It’s been interesting, if disheartening, to see how these bands have adapted (or at least attempted to adapt) to a newly-hostile climate. The genre’s biggest lights, blink-182 and All Time Low, took advantage of large core audiences built (in part) by major label dollars during the “scene”’s heyday and released strong albums (the Dogs Eating Dogs EP and Don’t Panic, respectively) on their own. Similarly, Motion City Soundtrack followed up the best album of their career with the new best album of their career, the independently-recorded, Epitaph-released Go. But for most, continued success on their own unwavering terms simply wasn’t an option. Sparks The Rescue released a self-titled EP that garnered the best reviews of their career, but ended the year shedding three of their five members, primarily for economic reasons; Detroit power-poppers Every Avenue packed it in entirely, openly declaring that they were splitting not out of any interpersonal enmity but because they could no longer afford to be a band. One outlet that has become increasingly popular is NBC’s The Voice; following the success of Dia Frampton (Meg And Dia) and Juliet Simms (Automatic Loveletter) in the first two seasons, 2012 saw not only victory for the Pete Wentz-cosigned Cassadee Pope (formerly of Warped Tour vets Hey Monday) but also a strong run by Joe Kirkland of pop-punks-turned-balladeers Artist Vs. Poet.

Perhaps most intriguingly, established acts like The Summer Set have decamped for Nashville, where they’ve been joined (spiritually, and often literally) by a number of new acts (Bonaventure, The Tower And The Fool, American Authors, all of whom issued significant releases in 2012) risen from the wreckage of pop-punk past – whether these bands are motivated by a love of Tom Petty and pop country borne of childhood radio consumption, or are merely grasping for the patina of authenticity that the Americana label confers, is something of an open question. A Rocket To The Moon, who already had something of a country-pop thread running through their strain of pop-rock, have found their full-length held over until 2013, but the early-look EP That Old Feeling is encouraging. Of course, none of this takes into account that Nashville has been notoriously insular and unwelcoming to those from outside the establishment; even bringing their best, all these acts may be swimming upstream.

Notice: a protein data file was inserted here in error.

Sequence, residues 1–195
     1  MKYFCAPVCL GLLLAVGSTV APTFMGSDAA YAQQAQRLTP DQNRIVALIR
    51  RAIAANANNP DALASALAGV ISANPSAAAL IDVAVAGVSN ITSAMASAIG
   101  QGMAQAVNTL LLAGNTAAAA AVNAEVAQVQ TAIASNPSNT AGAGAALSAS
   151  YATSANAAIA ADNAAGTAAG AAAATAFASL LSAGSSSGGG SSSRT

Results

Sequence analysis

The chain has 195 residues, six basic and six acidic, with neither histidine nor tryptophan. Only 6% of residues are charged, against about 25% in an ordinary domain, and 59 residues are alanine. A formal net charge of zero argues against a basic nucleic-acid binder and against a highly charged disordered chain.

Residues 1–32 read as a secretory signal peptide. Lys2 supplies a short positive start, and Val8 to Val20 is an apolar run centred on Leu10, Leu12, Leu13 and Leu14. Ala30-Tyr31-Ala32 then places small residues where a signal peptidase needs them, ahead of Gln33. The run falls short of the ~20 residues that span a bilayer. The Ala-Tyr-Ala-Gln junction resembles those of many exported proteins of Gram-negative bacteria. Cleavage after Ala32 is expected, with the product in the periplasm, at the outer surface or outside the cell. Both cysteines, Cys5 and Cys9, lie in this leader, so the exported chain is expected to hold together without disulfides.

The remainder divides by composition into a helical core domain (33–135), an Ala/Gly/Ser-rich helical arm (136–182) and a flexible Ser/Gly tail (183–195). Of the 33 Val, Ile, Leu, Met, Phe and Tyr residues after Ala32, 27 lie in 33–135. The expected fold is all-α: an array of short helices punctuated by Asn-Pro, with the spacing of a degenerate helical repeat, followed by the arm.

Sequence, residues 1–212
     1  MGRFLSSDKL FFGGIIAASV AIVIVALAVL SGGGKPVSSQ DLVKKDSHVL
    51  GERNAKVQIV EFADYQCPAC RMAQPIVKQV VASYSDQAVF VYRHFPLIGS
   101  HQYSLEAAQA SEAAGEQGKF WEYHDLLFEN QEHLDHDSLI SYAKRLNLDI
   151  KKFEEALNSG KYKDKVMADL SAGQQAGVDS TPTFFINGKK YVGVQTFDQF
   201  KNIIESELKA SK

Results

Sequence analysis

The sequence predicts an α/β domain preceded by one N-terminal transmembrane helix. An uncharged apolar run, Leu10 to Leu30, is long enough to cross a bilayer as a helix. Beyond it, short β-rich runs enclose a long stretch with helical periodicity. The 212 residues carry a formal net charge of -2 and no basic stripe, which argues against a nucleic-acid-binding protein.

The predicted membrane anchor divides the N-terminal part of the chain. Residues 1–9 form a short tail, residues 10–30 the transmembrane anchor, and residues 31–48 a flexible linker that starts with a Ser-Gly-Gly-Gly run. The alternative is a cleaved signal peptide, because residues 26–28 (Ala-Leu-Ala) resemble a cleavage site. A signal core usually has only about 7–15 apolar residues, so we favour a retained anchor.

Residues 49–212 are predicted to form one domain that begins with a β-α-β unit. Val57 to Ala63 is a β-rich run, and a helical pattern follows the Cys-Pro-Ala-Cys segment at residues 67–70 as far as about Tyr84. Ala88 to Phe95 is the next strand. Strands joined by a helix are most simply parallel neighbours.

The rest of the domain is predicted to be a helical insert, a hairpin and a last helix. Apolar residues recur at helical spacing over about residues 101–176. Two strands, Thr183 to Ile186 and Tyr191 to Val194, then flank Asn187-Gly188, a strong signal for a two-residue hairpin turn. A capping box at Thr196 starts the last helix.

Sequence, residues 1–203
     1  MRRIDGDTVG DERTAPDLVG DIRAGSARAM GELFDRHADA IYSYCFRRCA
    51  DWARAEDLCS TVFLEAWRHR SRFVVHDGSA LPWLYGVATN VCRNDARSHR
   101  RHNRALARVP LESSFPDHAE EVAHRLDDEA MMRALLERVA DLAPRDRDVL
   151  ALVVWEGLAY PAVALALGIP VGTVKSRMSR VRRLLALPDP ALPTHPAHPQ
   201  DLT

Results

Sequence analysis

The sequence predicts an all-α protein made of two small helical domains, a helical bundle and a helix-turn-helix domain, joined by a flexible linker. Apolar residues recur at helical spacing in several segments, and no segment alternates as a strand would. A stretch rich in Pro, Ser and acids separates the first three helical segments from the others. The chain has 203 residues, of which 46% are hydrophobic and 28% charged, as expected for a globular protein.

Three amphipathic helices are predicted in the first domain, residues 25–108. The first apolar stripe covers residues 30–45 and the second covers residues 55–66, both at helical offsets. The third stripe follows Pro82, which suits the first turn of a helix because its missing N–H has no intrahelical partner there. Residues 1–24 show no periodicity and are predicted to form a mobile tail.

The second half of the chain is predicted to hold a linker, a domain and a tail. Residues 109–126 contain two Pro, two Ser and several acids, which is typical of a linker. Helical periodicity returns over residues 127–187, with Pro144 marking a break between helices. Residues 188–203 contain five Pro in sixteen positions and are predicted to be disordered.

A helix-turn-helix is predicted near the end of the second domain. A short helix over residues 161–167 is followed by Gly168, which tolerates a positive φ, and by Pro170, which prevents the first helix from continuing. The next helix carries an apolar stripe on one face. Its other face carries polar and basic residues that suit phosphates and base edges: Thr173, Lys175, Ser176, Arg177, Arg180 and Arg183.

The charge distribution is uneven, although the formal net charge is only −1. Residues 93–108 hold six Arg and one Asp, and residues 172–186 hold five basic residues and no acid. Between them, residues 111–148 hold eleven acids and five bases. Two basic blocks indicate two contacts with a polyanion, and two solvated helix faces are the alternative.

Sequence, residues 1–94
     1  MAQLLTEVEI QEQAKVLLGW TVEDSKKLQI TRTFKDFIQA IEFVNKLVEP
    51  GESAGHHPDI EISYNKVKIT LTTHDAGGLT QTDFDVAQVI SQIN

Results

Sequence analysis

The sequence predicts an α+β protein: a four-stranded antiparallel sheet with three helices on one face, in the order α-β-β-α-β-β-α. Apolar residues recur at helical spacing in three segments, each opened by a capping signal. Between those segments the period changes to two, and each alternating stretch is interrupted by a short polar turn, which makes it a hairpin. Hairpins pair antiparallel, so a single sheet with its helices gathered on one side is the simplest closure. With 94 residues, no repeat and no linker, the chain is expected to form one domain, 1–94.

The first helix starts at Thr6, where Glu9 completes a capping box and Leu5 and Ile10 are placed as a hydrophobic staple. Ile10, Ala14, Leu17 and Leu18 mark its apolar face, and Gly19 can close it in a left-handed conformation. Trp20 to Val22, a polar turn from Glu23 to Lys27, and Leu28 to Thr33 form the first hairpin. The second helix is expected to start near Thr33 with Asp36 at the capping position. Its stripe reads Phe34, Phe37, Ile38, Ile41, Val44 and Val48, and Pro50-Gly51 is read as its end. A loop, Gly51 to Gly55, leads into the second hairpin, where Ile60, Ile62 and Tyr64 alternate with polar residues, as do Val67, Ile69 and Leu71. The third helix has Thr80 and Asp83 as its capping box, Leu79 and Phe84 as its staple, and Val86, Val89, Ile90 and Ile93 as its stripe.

Ultimately, these changes might well be a good thing, change and struggle typically breed creativity. Of course, that’s assuming all the breeders don’t die off (or, like, quit the creative side of the biz to go work for music publishers or management firms or something) The upheaval in the “scene” hasn’t stanched the flow of great music in 2012; it just, as ever, takes a little bit of work to find.

*This is the first year I’ve submitted to Pazz & Jop, and I’m hoping that in the future more of the folks writing about / analyzing / thinking critically about “the scene” will do so as well. Pazz & Jop was conceived as an extremely broad critics poll (hence the name), with writers specializing in every (sub)genre from indie to pop to metal to hip hop to r&b to electronic dance submitting, and yet there’s been almost no participation from (and, thus, almost no visibility for) the pop-punk/emo/post-hardcore/etc. world. I think that lack of participation does a disservice to both the readers – who remain in the dark on what has been an exciting and vital music scene for quite some time – and to the artists whose work merits attention. I’m not saying I expect The Menzingers to win the albums poll or anything, or even that they should. But, for example, in 2011, Balance & Composure’s Separation was a top 10 pick on virtually every site that documents the scene, a consensus-building album that successfully crossed the scene’s many sub-genre divides, and yet it failed to receive a single vote in P&J. That’s just silly, and everyone deserves better.